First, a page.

Jump to content

GW Models No Longer Modular


Recommended Posts

Does anyone know why some GW models are no longer modular? For example, some of the new Chaos Terminators and Havocs are cast with their legs attached to their bodies. This means that  you can't swap legs & torsos between models. It also means that you can't use the Forge World Berzerker torsos on the new miniatures.

<p>

Does anyone know if you can you complain to GW about this sort of nonsense? Not that it would make a difference.

<p>

Edited by Captain Idaho
Off topic elements removed
Link to comment
Share on other sites

To part answer your first question, it's become very common for GW over the last few years to combine the torsos and legs in new kits in order to create more "dynamic" poses out the box. This trend is often referred to as 'monopose', even if limited arm/head posing is still possible. It is definitely not universally popular as it requires significiant extra work to mix kits and/or not have repeated identical models, but GW don't appear to be changing course. You can always email GW customer services to give them your feedback; the exact address will vary based on country, but will be something like uk.custserv@gwplc.com - or you can just use that one. GW do definitely take note of feedback, but are fairly notorious for not disclosing how much it impacts - or not - on their future plans.

 

Edited by Grotsmasha
Removed Off Topic Content
Link to comment
Share on other sites

This topic is clearly for the discussion of Modular models, extending to kitbashing logically and how GW have or haven't moved away from that.

Discussion on why you might not follow GW anymore regarding their inclusion policies isn't relevant to this topic or part of the forum, as such I've removed such comments.

Link to comment
Share on other sites

I think it's for a number of reasons. Firstly I think the move was to restrict the use of third party bits, secondly it means they can reduce kits to multiples of the same sprue which cuts down on production and allows them to chuck the odd sprue into themed sets such as Kill Team. Lastly I think it's for newer modellers, the idea being that they can make dramatically posed models without having a lot of knowledge of making kits and still get a good result.

Having said all that I still do not like it and to be honest as long as it sells it's going to carry on.

Link to comment
Share on other sites

I must say I wish GW went back to their modular design and used their creativity and technology advances to improve on them. Feels like a couple steps backwards.

And when I used to build kits as a youngling I'd just cut what I wanted out of a sprue and whack them together. Now I need to follow instructions and hunt for pieces that match on sprues that seemingly have no order - I certainly wouldn't say GW have made their kits more beginner friendly.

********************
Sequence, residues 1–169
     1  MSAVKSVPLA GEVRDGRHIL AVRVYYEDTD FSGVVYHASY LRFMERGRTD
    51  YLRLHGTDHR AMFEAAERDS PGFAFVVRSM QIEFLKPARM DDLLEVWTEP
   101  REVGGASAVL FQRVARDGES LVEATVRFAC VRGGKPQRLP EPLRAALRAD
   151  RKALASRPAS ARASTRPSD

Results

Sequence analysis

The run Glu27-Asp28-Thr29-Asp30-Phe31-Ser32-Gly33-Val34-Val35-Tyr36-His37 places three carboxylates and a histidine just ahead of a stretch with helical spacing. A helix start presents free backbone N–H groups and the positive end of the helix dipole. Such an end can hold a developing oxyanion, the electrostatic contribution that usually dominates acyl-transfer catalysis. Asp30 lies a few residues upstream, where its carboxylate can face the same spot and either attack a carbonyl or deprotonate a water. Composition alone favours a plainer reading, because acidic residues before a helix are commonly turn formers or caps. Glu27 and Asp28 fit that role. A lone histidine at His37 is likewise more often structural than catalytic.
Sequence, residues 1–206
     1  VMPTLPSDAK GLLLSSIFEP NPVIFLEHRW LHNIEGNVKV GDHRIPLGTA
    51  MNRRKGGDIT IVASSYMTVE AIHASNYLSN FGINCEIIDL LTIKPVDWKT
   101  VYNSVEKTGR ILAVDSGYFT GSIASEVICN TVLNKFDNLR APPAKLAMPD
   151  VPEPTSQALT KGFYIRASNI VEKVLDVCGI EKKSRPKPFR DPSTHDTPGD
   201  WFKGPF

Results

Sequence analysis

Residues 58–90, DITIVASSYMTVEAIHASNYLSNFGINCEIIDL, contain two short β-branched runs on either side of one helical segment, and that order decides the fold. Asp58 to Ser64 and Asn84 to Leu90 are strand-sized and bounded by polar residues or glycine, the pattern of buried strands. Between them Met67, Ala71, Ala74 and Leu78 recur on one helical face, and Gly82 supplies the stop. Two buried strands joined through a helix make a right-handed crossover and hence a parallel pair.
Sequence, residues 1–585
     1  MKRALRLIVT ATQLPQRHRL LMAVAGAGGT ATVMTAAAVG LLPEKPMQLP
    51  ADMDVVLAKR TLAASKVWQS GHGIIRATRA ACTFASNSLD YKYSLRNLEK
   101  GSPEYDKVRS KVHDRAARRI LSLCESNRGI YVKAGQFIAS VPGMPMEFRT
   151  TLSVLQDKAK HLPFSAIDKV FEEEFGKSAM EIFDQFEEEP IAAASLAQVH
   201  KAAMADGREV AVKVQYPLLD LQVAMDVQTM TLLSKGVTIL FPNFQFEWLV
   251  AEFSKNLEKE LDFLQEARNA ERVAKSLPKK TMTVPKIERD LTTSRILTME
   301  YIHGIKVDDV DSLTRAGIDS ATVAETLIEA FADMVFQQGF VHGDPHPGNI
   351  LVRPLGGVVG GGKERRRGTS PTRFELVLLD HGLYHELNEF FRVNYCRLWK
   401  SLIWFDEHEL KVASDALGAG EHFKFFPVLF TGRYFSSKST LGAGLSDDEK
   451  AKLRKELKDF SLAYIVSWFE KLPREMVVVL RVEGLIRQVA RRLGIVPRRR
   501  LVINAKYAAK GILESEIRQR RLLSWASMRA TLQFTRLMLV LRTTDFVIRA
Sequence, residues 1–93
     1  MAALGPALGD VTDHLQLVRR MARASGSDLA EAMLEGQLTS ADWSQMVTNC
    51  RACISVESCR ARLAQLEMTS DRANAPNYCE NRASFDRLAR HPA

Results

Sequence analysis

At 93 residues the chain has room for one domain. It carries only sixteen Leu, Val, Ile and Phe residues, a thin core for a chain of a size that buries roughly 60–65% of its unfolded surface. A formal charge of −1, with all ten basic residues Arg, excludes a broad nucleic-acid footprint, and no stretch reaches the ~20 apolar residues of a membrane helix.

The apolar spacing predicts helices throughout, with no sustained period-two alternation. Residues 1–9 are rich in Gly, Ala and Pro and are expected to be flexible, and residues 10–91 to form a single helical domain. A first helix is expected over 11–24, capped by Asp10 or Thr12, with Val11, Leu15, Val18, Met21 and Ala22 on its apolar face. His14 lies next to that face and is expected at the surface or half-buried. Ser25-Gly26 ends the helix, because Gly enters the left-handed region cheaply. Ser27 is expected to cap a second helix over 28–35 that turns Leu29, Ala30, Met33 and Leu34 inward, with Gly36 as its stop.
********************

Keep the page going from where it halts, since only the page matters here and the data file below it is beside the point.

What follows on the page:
But alas, GW have made their choices on this one...

Edited by Captain Idaho
Link to comment
Share on other sites

I'm probably an outlier in that I don't actually mind it - when I started, it was literal monopose pewter models cast in one or two parts - reposing or kitbashing was Serious Business. I literally used a soldering iron in a couple of cases!

So taking a jeweller's saw or craft knife to dice up soft plastic is not a huge deal for me; and I find the dynamic posing is actually a quite useful starting point in some cases (better than the old marine half-squat!) but I can definitely imagine if you've only know the modular design era it's a bit of a backwards step, and for horde armies it does add unnecessary slog.

Link to comment
Share on other sites

38 minutes ago, Arkhanist said:

I'm probably an outlier in that I don't actually mind it - when I started, it was literal monopose pewter models cast in one or two parts - reposing or kitbashing was Serious Business. I literally used a soldering iron in a couple of cases!

So taking a jeweller's saw or craft knife to dice up soft plastic is not a huge deal for me; and I find the dynamic posing is actually a quite useful starting point in some cases (better than the old marine half-squat!) but I can definitely imagine if you've only know the modular design era it's a bit of a backwards step, and for horde armies it does add unnecessary slog.

It also helps that, to be perfectly honest: The fully separate torsos didn't add as much as people said. Because you could really only do a few poses that won't look incredibly unnatural....

Link to comment
Share on other sites

11 hours ago, Gederas said:

It also helps that, to be perfectly honest: The fully separate torsos didn't add as much as people said. Because you could really only do a few poses that won't look incredibly unnatural....

But you could switch legs, which could definitely and completely change a model.  You can't now.  There is absolutely no justifiable reason for this aside from the ones that benefit GW.

Link to comment
Share on other sites

im not a fan of it, the fact you can mix all of the 3rd edition onwards plastic marines was such a great part of their army. But with these changes its not stopping me converting but it does make it harder. 

The real complaint i have is how they cut character minis, with 1/3 of a torso being carved out or the back of a hand etc this really does feel like they are doing it to spite kitbashers. 

Link to comment
Share on other sites

The old way allowed you mix and match completely .